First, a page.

Robert might not have been an angel, but I'm so glad I spoke to him. Speaking to each other - something we don't do enough. Everyone's face down in their gadgets checking e-mail or Facebook status, missing it all (yes, as soon as the intermission began, poof, out came the gadgets).

I'm coming to peace with the fact that my time machine idea isn't so realistic, and I was inspired by Michael Stipe's reading of a poem, Blue, in R.E.M.'s Collapse Into Now.

"I am made by my times, I am a creation of now, shaken with the cracks and crevices. I'm not giving up easily. I don't have much, but what I have gold.

This is my time and I am thrilled to be alive.
Living, blessed, I understand this.
Twentieth century, collapse into now."

I am thrilled to be alive. I hope you are too, and you are filling your life with experiences that make it richer, and people that make you better, even if you only sit next to them for a fleeting moment.

That's what I learned in life this week. While learn wouldn't fit into my favorite four letter words, perhaps I can add, "Know."



  1. You always get me thinking...
    I had a spate of voracious reading over the holidays and then stopped. Mostly I listen to stories/books on the BBC whist painting, though I love a good book on the subway.
    But then there's the weekly New Yorker to get through which contains many books-to-be.
    I haven't traveled much in the US either, though lots outside. I have to go to Austin for a family wedding in April - UGH.
    Everyplace I've visited in the US was for work rather than desire.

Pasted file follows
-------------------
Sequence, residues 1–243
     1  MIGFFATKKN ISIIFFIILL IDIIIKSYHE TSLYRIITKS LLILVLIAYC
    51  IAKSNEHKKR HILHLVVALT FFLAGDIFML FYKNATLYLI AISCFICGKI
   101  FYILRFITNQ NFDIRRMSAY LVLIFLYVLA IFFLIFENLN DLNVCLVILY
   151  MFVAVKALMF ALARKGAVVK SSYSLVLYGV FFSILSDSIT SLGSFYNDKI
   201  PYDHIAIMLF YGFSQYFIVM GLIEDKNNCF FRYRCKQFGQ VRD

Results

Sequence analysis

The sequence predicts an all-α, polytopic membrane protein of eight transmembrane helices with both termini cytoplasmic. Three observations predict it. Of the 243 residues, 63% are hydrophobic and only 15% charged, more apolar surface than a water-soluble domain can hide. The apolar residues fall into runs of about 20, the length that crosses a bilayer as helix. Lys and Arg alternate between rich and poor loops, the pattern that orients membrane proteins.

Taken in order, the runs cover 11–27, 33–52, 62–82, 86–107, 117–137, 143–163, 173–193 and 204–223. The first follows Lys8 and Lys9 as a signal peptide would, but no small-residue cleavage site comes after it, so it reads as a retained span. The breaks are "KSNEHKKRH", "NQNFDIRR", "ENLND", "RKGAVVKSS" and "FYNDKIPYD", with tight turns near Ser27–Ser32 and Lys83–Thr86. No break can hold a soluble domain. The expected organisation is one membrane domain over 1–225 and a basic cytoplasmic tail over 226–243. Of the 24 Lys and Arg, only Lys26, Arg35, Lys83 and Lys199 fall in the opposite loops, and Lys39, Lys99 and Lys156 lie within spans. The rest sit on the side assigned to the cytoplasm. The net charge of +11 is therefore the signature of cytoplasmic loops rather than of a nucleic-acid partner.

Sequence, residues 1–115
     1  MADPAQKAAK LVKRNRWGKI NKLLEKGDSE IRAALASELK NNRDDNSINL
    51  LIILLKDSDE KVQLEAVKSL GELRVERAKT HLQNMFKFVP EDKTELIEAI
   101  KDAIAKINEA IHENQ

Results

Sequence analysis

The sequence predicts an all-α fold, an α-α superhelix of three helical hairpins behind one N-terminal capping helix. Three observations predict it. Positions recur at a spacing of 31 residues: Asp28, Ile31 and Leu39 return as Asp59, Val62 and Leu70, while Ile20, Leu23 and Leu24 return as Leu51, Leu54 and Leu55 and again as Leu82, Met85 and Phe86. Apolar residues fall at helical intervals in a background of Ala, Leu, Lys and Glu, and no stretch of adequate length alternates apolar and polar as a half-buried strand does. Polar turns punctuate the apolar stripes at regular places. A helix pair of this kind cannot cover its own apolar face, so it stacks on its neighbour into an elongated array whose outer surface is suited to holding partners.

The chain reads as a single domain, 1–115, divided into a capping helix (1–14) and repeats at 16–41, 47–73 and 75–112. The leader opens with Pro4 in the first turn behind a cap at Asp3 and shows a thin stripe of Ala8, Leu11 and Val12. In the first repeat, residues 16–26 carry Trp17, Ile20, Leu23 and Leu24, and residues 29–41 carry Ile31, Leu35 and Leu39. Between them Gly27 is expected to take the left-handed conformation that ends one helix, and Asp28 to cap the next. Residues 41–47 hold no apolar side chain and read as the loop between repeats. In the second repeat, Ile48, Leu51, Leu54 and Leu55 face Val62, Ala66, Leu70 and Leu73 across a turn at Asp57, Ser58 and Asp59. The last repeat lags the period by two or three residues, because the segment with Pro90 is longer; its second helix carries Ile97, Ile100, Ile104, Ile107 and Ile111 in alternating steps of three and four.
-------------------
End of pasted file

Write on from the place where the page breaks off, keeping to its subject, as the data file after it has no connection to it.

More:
Yet I'm always surprised at my short sightedness when I do get there.
    On the other hand I love meeting interesting strangers - like reading a short novel -very satisfying.
    merci carolg

  2. Thanks so much. That's one of the best compliments I can get - to get people thinking.

    I've traveled in Europe more in the U.S., and it's amazing how I meet Europeans who have travelled all over my own country. There are so many things even in New York City I haven't done...gone to the Empire State building, the Statue of Liberty, etc. I rarely see a Broadway show, and people come all over the world to do these things.

    What a nice way to look at meeting strangers as a short novel. You never know what the story will bring.

    I think of something Tori Amos said, not in song, but in commentary,

    "People come in and out of your life, sometimes for a day, sometimes for longer. And all of them make you what you are. You can't separate these people out of you. They form who you are, even the ones you say, "I don't know if I want to be formed by them anymore." But you are in some way. Maybe that's why you don't have to look at them so harshly, because they have affected you.”

    In the end though, it's us as individuals, with our love for the land, for something intangible, that when soul mates come and go, you're never alone even when you're standing just you and your shoes, because you carry them with you."

    I carry so many people with me, and like Tori and Ruedi, have such a love and reverence for the natural world.